My initial reaction was to give the authorities the benefit of the doubt: that serving cooked food is a transmission risk and had to be curbed in the interest of public health. But, as with many of the other measures, the only explanation officials could muster up was that cooked food is non-essential. They are totally stuck on this terminology, the proverbial essential versus non-essential binary. In fact, it seems that the government did not consider that banning restaurants from operating but still allowing supermarkets to sell cooked food was unfair until after the fact and scrambled to correct this discrepancy last minute. In order not to have to admit the blunder, the knee-jerk ‘non-essential’ argument prevailed.
Clothing is another commodity classified as ‘non-essential’. South Africans cannot buy so much as underwear or socks during the lockdown, even at supermarkets, whose clothing sections are now cordoned off. By making panoramic bans without due consideration of exceptions, law-makers failed to accommodate expectant mothers who did not have the means to buy infant clothing ahead of the lockdown to dress newborns due in the coming weeks. After complaints to the Constitutional Court began to mount, the government clarified that baby apparel could be sold.
On a graver note, brutality against civilians seen to be flouting lockdown law is a far more sinister side-effect than equivocating minsters who can’t decide what to do about rotisserie chickens. In the Alexandra township in Johannesburg, Defense Force soldiers assaulted and killed a man who was found drinking alcohol in his own backyard on Good Friday. An earlier incident in March saw police ambushing civilians wandering the streets of Hillbrow, firing rubber bullets and beating them with sjamboks (a heavy leather whip). The officers in question claimed they were acting on orders from “the top”.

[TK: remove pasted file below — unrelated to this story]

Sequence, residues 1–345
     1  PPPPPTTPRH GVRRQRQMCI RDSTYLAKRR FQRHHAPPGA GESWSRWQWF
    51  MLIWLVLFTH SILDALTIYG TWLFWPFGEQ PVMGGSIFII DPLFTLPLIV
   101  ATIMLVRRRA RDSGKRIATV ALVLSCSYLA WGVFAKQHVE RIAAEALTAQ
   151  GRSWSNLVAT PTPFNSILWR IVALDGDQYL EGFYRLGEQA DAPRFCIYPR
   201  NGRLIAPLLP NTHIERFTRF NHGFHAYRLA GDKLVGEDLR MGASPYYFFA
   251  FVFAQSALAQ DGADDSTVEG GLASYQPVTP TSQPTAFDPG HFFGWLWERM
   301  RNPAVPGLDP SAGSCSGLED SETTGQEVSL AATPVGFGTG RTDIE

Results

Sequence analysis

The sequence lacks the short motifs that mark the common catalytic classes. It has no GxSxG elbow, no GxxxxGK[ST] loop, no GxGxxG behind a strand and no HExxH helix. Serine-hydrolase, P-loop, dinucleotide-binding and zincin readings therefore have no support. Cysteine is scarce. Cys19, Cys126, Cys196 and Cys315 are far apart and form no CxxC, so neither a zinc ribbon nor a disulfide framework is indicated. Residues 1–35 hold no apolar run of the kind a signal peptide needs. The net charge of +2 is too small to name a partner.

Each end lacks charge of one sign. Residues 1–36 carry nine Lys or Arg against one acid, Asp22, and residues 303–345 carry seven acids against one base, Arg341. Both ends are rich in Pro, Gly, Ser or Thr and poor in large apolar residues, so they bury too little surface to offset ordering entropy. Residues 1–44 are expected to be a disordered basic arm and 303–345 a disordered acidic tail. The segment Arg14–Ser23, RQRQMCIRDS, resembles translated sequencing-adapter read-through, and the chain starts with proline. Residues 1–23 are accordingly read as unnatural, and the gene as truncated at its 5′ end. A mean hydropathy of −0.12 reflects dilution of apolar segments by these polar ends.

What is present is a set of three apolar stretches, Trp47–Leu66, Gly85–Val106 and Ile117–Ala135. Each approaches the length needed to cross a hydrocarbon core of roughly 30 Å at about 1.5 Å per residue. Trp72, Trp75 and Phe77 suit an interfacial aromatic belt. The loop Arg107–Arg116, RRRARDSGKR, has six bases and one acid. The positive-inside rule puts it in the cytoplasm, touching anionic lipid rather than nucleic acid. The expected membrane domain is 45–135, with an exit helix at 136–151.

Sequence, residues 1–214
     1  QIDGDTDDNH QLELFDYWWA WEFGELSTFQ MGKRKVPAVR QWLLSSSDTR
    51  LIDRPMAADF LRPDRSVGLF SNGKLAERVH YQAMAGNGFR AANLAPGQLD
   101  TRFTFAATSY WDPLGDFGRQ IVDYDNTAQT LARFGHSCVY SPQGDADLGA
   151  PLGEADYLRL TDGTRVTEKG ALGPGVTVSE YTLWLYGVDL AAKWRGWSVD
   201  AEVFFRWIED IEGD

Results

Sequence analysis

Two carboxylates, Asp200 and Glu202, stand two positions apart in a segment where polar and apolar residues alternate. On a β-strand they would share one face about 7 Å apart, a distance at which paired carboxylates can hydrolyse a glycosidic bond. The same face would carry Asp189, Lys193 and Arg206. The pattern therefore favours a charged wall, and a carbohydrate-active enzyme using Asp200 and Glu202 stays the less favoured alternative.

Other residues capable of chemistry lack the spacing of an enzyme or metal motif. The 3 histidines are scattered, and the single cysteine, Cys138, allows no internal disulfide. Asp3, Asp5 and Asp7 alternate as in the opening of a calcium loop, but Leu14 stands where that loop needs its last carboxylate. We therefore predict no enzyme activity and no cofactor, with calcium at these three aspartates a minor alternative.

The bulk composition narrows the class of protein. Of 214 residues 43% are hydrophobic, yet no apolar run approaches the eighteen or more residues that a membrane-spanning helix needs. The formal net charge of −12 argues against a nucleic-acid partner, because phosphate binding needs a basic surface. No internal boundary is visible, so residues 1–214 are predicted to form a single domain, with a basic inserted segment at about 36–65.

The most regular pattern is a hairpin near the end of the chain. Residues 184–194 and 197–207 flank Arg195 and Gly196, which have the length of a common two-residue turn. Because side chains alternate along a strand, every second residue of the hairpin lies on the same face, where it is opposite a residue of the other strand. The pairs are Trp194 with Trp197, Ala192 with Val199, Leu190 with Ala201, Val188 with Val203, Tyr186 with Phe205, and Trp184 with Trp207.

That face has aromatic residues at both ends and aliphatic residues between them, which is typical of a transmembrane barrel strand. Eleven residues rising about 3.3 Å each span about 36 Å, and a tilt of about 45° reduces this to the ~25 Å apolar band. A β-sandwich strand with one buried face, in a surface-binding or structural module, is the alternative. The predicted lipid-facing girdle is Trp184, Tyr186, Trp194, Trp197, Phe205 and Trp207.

As police and politicians fixate on minutiae, growing food insecurity, increased gender-based and intimate partner violence, and deepening economic hardship threaten the already-fragile social fabric of the world’s most unequal country. The examples I’ve given demonstrate evidence of the inconsistent and fair-weather policy-making that underlies South Africa’s Covid-19 response. The lockdown, while appropriately heavy-handed in combating the viral threat, provides an opportunistic window for the rogue few who think they can exploit the present public health emergency as a way to be petty, hyper-bureaucratic or, in more sinister cases, outright cruel.
There is a long road ahead of social and economic recovery for South Africa. If the state wants cooperation from its citizens during what is left of the lockdown and beyond into an uncertain future, it needs to earn their trust. That means, at the very least, a more consistent, balanced point-of-view that supports a united front against the virus and its far-reaching consequences, rather than a police state governed by semantics and petty bureaucracy.